Research into the economics of conflict. Tom’s rolling it around in his mouth. That’s good work to put into the world, he thinks, and then, reflexively: work I wish I were doing. Not for the first time, he feels himself turn the spotlight inward. The Plan he thought through so many times looks misshapen and embarrassing now—graduate from Georgetown and become an upstanding investor, a banker with principles. He’d be someone who could be in by 8 and out by 6 and emerge from the subway to turn down his leafy street in the Village, bundle the kids up on the weekend to drive to quiet Connecticut. How hollow does that seem now?

“Anyone want another?” Michael asks. He’s done the perfunctory glance around the table, checking levels, everyone else more than a few swallows from empty. As he stands, Amelia looks up.

“I’ll come with you,” she says.

In the back, the band tunes up. Michael drapes his arms on the bar, staring over at the prices listed on the chalkboard. He’s always reminded her of the boys who would have been pressured by friends to try out for hockey or lacrosse, stocky but probably not tall or nimble enough to really make the cut.

“Pretty crazy about June, huh?” he asks in the gossip-as-small-talk voice that sounds inauthentic even to him. “Let me get yours. Guinness?”

“Yeah, sure,” she says. “And yeah. I don’t know. I honestly don’t remember her saying it’d be next semester. I didn’t really know she was thinking about leaving.”

“Two more, please. Thanks.” He turns from the bar. “She didn’t tell you?”

“I mean, she’s talked about potentially wanting to head home early, yeah, but like, abstractly. It was never concrete.” Amelia looks from Michael to an older couple huddled in the corner, starting to assign herself the blame. Was it something she’d done? “I feel a little blindsided.”

“Are you okay?” Michael asks, watching her closely.

“Yeah, yeah. Of course. It’s her decision.”

“I’m sorry, Amelia. She still might stay,” he says, extending an arm for what he hopes is a comforting pat on the shoulder. “She says she hasn’t made a decision. But, to be fair to June, I get where she’s coming from. You know? Just in the sense of feeling like you’ve done the things you want to do. I get that. She’s gotten to spend, what, four months here?”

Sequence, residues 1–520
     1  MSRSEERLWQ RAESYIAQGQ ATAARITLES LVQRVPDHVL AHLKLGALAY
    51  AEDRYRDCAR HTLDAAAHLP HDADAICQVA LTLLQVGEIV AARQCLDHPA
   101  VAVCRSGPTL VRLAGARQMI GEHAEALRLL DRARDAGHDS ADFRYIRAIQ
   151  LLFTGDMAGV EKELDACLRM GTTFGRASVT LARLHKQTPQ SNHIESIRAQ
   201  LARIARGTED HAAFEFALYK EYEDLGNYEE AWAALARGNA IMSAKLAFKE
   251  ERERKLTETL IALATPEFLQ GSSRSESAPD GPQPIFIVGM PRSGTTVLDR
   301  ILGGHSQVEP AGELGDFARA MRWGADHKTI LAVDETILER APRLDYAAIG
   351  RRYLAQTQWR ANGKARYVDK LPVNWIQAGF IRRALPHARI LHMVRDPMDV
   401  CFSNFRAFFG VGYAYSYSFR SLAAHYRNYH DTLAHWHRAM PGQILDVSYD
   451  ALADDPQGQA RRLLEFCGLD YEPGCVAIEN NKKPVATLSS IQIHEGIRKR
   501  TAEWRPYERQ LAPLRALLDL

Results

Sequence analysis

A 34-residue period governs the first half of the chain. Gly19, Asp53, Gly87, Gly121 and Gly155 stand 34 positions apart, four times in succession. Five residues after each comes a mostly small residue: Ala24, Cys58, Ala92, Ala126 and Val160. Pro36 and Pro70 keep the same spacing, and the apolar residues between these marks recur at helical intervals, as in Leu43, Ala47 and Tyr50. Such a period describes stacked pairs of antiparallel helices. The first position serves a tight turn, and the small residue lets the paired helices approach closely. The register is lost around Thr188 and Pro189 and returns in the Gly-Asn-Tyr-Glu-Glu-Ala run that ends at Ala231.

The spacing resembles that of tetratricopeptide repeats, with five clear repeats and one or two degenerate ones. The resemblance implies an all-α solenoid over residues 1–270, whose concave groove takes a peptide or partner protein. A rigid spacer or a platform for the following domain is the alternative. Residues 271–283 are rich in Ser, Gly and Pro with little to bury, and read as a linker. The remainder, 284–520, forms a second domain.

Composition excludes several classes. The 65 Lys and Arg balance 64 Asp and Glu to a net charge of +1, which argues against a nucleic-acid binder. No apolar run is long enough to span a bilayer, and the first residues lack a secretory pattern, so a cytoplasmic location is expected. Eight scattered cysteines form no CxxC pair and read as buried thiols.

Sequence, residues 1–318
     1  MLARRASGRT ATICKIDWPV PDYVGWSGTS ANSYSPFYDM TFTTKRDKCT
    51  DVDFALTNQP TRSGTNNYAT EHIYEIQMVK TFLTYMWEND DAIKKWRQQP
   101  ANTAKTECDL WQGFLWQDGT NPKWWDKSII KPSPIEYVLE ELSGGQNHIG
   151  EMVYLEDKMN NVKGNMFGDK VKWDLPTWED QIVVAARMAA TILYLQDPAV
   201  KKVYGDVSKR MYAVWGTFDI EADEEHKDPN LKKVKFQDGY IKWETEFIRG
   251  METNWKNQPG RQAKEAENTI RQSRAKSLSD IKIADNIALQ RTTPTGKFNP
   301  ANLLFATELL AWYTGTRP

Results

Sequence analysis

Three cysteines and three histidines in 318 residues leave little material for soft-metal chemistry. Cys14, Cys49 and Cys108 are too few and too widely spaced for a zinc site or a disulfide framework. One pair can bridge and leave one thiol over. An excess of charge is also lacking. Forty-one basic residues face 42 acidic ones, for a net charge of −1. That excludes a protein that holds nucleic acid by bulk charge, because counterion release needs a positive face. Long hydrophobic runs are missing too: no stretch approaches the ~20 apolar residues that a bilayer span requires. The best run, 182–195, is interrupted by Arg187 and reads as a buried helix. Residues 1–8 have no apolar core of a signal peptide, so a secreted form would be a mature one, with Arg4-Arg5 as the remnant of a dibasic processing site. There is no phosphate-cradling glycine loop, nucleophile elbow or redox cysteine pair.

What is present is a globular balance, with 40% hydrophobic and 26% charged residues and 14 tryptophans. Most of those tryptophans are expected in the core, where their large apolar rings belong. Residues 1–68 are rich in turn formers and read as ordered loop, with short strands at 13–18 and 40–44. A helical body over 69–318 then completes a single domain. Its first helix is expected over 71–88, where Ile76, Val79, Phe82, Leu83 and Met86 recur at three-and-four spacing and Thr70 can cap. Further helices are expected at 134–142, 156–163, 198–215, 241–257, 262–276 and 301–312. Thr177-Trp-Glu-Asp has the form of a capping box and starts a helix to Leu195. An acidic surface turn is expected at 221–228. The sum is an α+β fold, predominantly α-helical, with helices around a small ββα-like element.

As the words come out he worries he’s deepening the wound, but she nods.

“But, honestly, maybe I’m just projecting,” he says. “You guys are friends, you know? Like, actually close. At least your living situation is stable.”

Amelia frowns. “Do you think things really couldn’t get better next term? Between you and Tom.”

“I mean, maybe. I don’t—” he stops and thinks. “Look, I’ve thought about this a little, and what’s so frustrating is that I know he and I are both … I know Dublin’s not quite what either of us was expecting—oh, thanks,” he says, fishing the oversize Euro notes out of his wallet as the bartender tops off the settled beers.

“What do you mean?”

“I don’t know.” He looks genuinely unsure. “I guess I thought it’d make things clearer for me, you know? Like, what I want to do with myself, who I was going to be, all that stuff. And I don’t really, I don’t think it has. But at least I’m not pretending it is what isn’t.”

“And Tom is, you think?”

“I mean, look at him. He’s Mr. Philosopher. He’s the soulful thinker, going to coffee shops to read Sartre—” he takes the French guttural Rs to eleven “—and, you know, pout at the rain,” he says, picking up the beer. “Sorry, maybe that’s unfair. But he’s a finance major, for God’s sake.”

The judgment made—a verdict, really—makes her heart sink. “Maybe he’s just trying to figure himself out,” she says, thinking of June, and seeing his expression, adds, “like we all are. You should give him the capacity for change.”

“Huh. Capacity for change. That’s a good phrase,” he says, nodding back at the table.